The CLEA's structure, objectives and functions are set out in its Constitution, adopted soon after its foundation. Membership is open to individuals, schools of law and other institutions concerned with legal education and research.  Patrons are appointed from various Commonwealth countries. The affairs of the Association are managed by an Executive Committee, drawn from the Commonwealth regions, which meets annually: its actions are reviewed at 5 yearly General Meetings, the first of which was held in Edinburgh during the Fifth Commonwealth Law Conference in 1977. There is an Advisory Panel in the United Kingdom. The administration of the Association was carried out by a chairman and two secretaries, one in London and one abroad. In 1990 the office of chairman was replaced by a president and executive chairperson (since renamed vice president).  The President may be elected from any part of the Commonwealth: the Vice President must be established in the UK.  In 1994 a South Asian regional chapter was formed.

Selected items:

CLEA 01: Secretary's Correspondence and Papers, alphabetically arranged, 1971-1991

Reference Title Dates
  [Overseas legal education]:-  
CLEA 01/39 Hong Kong: reports and correspondence.  Contains some confidential material. CLOSED until 2060 1974-1985

CLEA 02: Papers of W L Twining as a CLEA Officer, 1973-1994

Biographical note: William Lawrence Twining (b.1934) has had a long and distinguished career in law teaching and has been involved in many projects relating to legal education.  He was educated at Charterhouse School, Brasenose College, Oxford and the University of Chicago.  He has been Lecturer in Private Law at the University of Khartoum (1958-1961), Senior Lecturer in Law at University College, Dar-es-Salaam (1961-1965), Professor of Jurisprudence at the Queen's University, Belfast (1965-1972) and Professor of Law at the University of Warwick (1972-1982).  From 1983-1996 he was the Quain Professor of Jurisprudence at University College London.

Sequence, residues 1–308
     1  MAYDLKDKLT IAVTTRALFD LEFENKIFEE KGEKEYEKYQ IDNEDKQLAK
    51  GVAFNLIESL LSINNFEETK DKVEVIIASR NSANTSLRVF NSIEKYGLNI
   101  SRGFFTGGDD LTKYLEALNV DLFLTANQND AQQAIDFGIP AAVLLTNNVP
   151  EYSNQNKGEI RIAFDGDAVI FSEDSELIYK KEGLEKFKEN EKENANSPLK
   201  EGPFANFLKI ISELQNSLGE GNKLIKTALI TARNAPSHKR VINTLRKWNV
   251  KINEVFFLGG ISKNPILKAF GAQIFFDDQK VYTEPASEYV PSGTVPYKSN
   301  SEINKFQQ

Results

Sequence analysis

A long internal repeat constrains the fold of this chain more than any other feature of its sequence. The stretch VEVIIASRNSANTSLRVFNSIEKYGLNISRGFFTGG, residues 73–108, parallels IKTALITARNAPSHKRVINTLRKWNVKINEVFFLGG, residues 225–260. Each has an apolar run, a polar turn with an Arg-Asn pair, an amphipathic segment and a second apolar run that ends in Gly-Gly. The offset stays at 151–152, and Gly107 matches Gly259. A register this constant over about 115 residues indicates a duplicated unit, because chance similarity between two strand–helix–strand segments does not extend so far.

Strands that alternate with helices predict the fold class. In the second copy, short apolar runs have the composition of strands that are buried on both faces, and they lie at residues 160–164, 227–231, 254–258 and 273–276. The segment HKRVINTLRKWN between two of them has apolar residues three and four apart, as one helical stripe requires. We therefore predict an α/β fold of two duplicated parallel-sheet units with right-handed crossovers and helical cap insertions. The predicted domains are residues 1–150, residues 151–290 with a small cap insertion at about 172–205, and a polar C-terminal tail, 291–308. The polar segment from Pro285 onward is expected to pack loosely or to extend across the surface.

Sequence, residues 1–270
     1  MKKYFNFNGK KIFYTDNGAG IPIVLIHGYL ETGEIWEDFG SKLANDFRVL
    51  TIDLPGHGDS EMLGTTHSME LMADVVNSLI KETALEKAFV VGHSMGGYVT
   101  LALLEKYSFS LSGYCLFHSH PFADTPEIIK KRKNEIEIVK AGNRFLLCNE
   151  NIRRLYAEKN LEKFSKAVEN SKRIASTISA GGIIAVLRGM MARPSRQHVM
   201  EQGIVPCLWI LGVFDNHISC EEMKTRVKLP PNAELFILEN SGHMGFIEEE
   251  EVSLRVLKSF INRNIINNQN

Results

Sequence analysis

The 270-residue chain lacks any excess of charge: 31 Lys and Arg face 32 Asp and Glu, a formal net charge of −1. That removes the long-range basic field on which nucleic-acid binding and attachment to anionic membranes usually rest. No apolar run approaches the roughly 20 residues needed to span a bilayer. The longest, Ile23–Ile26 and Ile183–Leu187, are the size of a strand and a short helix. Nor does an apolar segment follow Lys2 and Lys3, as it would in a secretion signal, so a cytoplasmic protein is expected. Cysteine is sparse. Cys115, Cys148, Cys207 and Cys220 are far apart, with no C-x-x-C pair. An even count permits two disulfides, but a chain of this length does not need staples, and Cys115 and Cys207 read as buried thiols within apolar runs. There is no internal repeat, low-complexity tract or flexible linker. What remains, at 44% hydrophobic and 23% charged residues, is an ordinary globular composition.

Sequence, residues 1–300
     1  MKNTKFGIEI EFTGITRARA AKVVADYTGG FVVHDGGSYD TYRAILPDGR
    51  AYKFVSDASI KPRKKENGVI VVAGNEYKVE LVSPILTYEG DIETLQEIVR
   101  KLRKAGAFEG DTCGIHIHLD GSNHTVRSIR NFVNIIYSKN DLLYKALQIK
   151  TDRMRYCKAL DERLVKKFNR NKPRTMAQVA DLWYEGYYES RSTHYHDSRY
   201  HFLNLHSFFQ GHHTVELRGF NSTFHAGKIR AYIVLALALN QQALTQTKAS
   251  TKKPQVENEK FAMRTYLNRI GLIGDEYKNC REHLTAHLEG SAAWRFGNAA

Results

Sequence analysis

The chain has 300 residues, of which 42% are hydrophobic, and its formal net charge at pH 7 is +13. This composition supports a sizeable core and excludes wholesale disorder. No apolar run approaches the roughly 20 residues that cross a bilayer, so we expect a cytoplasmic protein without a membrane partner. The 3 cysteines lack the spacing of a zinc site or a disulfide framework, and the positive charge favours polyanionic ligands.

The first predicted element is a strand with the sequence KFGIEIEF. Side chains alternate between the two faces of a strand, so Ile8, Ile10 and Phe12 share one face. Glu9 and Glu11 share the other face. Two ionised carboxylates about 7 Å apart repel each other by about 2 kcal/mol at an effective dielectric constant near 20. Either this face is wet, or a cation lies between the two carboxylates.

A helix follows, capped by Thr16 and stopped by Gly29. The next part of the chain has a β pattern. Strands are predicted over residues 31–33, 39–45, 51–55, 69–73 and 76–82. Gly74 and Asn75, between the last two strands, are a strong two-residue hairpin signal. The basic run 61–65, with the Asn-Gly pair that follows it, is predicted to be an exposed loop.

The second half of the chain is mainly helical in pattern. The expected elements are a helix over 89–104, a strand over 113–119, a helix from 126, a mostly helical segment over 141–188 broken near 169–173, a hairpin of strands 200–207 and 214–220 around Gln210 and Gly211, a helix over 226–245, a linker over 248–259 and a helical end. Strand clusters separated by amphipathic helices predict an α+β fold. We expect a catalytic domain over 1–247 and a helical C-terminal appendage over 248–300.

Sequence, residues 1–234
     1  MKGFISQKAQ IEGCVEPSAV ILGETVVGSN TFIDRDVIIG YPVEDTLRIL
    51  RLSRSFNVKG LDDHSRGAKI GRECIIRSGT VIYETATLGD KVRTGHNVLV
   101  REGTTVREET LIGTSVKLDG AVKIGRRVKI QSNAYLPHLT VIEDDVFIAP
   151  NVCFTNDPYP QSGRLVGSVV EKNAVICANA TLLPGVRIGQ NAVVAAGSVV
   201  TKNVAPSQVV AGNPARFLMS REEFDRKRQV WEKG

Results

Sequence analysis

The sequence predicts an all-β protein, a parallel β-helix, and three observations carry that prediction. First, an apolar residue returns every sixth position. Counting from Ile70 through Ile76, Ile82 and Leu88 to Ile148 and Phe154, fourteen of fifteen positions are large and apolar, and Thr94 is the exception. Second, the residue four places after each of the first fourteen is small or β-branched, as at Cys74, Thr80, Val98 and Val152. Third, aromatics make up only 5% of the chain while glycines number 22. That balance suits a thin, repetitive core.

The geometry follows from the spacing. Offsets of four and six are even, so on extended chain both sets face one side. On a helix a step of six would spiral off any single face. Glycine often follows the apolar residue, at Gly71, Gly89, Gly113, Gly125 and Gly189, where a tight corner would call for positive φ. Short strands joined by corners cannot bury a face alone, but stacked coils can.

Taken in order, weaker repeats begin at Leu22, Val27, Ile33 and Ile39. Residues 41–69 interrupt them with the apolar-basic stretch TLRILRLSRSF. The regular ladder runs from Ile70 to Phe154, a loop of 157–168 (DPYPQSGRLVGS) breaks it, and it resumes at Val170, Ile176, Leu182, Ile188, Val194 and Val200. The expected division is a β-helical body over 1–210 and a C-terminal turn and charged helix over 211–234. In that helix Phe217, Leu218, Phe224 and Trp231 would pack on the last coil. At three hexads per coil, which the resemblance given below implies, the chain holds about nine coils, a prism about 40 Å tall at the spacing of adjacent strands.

He has edited many publications concerning legal education, including Legal Records in the Commonwealth (joint editor with E Varnden Quick), for the papers of which project see the Commonwealth Legal Records Project (CLRP) collection in the IALS Archives.

Professor William Twining was a CLEA officer as follows:

  • Advisory Panel member 1977-1983
  • Executive Committee member 1980-1983
  • Chairman/President 1983-1990
  • Executive Chairman 1990-1994

Scope, content and arrangement: the Twining papers include material relating to the Commonwealth Human Rights Initiative (CHRI), 1988-1990.  CHRI was an area in which the CLEA was involved primarily as a member and supporter.  CLEA nominated one member to CHRI and had representatives on the CHRI's Advisory Commission and Steering Committee: William Twining was one of those representatives.  CLEA also played a major role in drafting the CHRI report Put our World to Rights.  

Selected items:

Reference Title Dates
CLEA 02/85 "CHRI for Hong Kong": correspondence, papers, reports, minutes of steering committee 1991

CLEA 07: Conference on emerging educational challenges for law in Commonwealth Asia and Australasia: the implications for Legal Education – conference papers, 1992

Administrative history: this conference was run by the CLEA together with the Hong Kong Law Teachers’ Association, the City Polytechnic of Hong Kong and the University of Hong Kong from April 10-12, 1992.  

Reference Title Dates

CLEA 07/01

Keynote address: Upendra Bai, Delhi University: Observations on Law, Language and Culture


CLEA 07/02

Peter Slinn, SOAS: The Training Course for Young Commonwealth Lawyers


CLEA 07/03